If you are weighing the merits of pursuing a master's or doctorate degree, there are some questions you should ask yourself and some information that you will need before making an informed decision. There is no question that an Emory & Henry degree will take you far in pursuing an advanced degree, if you have thought through your choices carefully.
Making a commitment
First, what is your level of commitment? Extended education degrees, either Ph.D. or master's, require a lot of work and energy. Ask yourself how important this advanced degree will be to you and your success.
Finding the proper fit
Second, ask yourself what type of degree you want to obtain, Ph.D. or master's. Take some time to do your research. What degrees do other people in your desired profession have? Will you make more money if you get a master's degree or Ph.D.? How qualified will you be with an advanced degree in your field?
Begin your search
Once youve decided what your personal goals are you can begin looking for schools that meet your needs. Look for schools that offer the program you'd like to enter, and keep in mind that the quality of the department you plan to enter and its faculty are two of the most important keys to your success.
Be aware and realistic
Always be realistic when you are looking at schools. You should apply to programs whose requirements are in line with your own. Does your GPA fall within the median? How do your scores measure up to those of accepted students? When are your applications due? While it's good to apply to the best school that you think you can get into, apply to several more that you believe will accept you.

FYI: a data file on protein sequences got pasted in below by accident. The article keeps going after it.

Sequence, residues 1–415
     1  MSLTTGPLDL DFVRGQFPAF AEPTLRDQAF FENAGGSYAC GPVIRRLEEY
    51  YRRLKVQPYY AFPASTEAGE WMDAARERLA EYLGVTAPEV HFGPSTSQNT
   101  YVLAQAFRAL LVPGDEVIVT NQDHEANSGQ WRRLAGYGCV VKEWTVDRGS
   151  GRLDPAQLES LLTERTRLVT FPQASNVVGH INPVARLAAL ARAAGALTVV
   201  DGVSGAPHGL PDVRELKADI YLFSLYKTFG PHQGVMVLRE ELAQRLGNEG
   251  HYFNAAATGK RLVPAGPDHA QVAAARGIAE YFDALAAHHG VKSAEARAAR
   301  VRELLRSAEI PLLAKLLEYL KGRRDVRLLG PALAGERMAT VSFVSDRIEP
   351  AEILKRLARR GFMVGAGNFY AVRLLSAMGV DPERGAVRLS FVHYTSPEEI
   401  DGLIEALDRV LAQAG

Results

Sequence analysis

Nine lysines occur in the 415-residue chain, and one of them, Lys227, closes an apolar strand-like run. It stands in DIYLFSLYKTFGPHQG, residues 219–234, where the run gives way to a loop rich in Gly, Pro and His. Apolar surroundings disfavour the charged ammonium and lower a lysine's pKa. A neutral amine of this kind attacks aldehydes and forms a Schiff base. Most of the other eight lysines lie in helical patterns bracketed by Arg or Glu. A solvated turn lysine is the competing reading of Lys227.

Take the right tests and meeting your deadlines
Most students who wish to apply to a graduate or professional program will have to take certain graduate examinations. The Graduate Record Examination (GRE) is required of most students who go on to advanced programs in the arts and sciences. The Graduate Management Admission Test (GMAT) is required for MBA programs, the Medical College Admission Test (MCAT) for most medical programs, and the Law School Admissions Test (LSAT) for law school. Leave time to study for your tests and still take them in time to meet admissions deadlines.
How can I pay for this?
Finally, consider financial aid. A five- to seven-year doctoral program can be very draining on the wallet; however, schools are far more likely to be liberal in awarding aid to doctoral students than they are to students in a master's program. Find out which schools offer the best financial aid plans. Weigh your ability to maintain a student's budget for an extended period of time.